JavaScript Symbols

A symbol or type Symbol represents some unique value.

A constructor of type Symbol is used to define a symbol. For example, let’s create a simple symbol:

const tom = Symbol("Tom");
console log(tom); // Symbol(Tom)

And each character is unique. So, let’s try to create two identical symbols:

const tom = Symbol("Tom");
console log(tom); // Symbol(Tom)

const tomas = Symbol("Tom");
console log(thomas); // Symbol(Tom)

console.log(tom == tomas); // false
console.log(tom === tomas); // false

Despite the fact that both symbols created above in the prime are initialized with the same value, both equality and equivalence operators return when comparing these symbols false. That is, characters are always unique.

Symbols as object property identifiers

The main area of ​​application of symbols is the definition of object property identifiers. That is, in short, symbols allow you to avoid situations where several properties of an object have the same name. Perhaps this situation may seem artificial: well, how can we define two identical properties in an object? However, if properties are added dynamically in a fairly large program, or even somewhere in external code that we have no control over, then the task of controlling property identifiers becomes more difficult.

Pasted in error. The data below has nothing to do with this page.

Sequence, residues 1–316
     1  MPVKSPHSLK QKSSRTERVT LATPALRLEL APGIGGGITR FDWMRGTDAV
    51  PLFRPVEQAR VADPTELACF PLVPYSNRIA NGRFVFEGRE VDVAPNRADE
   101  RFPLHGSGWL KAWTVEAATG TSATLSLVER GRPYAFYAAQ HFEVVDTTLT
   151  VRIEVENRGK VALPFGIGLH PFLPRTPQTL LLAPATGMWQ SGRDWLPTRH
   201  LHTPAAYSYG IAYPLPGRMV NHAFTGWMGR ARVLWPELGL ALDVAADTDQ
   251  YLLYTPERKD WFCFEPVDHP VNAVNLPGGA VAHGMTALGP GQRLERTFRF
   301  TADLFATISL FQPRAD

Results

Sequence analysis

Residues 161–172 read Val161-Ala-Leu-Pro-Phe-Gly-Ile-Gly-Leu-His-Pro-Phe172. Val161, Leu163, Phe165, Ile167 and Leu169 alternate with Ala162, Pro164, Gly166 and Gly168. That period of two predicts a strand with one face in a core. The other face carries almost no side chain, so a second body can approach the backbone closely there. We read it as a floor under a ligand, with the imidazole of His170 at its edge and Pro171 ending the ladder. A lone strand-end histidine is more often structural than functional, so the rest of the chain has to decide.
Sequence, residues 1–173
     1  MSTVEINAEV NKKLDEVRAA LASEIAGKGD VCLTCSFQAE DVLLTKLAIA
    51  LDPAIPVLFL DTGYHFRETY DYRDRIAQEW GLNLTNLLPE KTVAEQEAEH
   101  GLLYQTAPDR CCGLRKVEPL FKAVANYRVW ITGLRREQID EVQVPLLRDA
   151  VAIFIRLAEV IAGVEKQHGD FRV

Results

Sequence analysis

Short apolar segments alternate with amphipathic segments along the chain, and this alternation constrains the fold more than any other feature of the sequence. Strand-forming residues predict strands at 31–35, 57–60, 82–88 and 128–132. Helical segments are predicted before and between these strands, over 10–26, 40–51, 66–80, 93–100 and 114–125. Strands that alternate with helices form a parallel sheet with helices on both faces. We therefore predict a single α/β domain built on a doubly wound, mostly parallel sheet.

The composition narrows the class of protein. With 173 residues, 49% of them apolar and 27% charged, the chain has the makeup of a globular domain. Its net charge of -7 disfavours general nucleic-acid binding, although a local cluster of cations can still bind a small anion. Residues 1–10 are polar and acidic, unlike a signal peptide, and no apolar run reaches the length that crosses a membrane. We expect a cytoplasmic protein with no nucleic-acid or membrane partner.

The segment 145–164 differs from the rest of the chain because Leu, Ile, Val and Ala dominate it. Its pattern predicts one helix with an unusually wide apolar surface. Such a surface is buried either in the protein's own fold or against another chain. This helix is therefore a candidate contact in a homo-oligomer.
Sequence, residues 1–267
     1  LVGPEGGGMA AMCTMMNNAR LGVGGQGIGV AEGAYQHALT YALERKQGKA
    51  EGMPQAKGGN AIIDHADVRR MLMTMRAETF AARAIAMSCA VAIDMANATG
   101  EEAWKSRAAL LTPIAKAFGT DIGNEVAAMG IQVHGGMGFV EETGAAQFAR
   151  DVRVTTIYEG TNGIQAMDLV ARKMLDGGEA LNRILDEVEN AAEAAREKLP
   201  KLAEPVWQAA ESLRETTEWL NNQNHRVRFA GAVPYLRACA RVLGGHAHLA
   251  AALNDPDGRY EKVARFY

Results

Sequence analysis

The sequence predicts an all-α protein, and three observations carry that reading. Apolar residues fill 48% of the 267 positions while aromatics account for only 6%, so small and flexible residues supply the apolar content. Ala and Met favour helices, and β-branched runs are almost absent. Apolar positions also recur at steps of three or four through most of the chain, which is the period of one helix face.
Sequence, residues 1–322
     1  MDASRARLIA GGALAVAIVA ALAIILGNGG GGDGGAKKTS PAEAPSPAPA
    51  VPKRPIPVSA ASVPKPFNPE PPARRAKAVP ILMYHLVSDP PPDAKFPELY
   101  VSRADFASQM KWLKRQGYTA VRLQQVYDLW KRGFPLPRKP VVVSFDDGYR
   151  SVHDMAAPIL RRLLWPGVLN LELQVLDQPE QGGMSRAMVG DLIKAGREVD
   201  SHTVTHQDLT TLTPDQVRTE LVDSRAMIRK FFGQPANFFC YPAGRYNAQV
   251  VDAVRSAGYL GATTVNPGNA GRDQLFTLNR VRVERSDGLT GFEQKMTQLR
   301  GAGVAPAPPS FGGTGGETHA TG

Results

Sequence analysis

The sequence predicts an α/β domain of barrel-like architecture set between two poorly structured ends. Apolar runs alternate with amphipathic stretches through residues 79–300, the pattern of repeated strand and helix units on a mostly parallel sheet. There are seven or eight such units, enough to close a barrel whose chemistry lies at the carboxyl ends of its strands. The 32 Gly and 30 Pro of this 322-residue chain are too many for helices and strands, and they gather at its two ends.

For example, let’s take the following task: there are three programmers working in a company, one of which is a senior developer, and the other two are junior developers. But at the same time, two of the developers have the same names. Let’s say one Tom is a senior developer and Sam and another Tom are junior developers. For example, we could represent such a company like this:

const company = { 
    "Tom": "senior",
    "Sam": "junior",
    "Tom": "junior"
for(developer in company) {
    console.log(`${developer} - ${company[developer]}`);

However, the console output will show that there are only two developers in our company since the names of two of them are the same:

Sam – junior

Now apply symbols:

const company = { 
    [Symbol("Tom")]: "senior",
    [Symbol("Sam")]: "junior",
    [Symbol("Tom")]: "junior"
const developers = Object.getOwnPropertySymbols(company);
for(developer of developers) {
    console.log(`${developer.toString()} - ${company[developer]}`);

To get all the symbols from an object, the Object.getOwnPropertySymbols() function is used, into which the object is passed. This function returns a set of characters that we can loop through. You can use the symbol method to get the textual representation of characters toString(). And to get the value, as in the general case, the array syntax is used: company[developer]. As a result, we will get the following console output:


You can also dynamically add properties with symbolic identifiers to an object:

const company = { };
company[Symbol("Tom")]= "senior";
company[Symbol("Sam")]= "junior";
company[Symbol("Tom")]= "junior";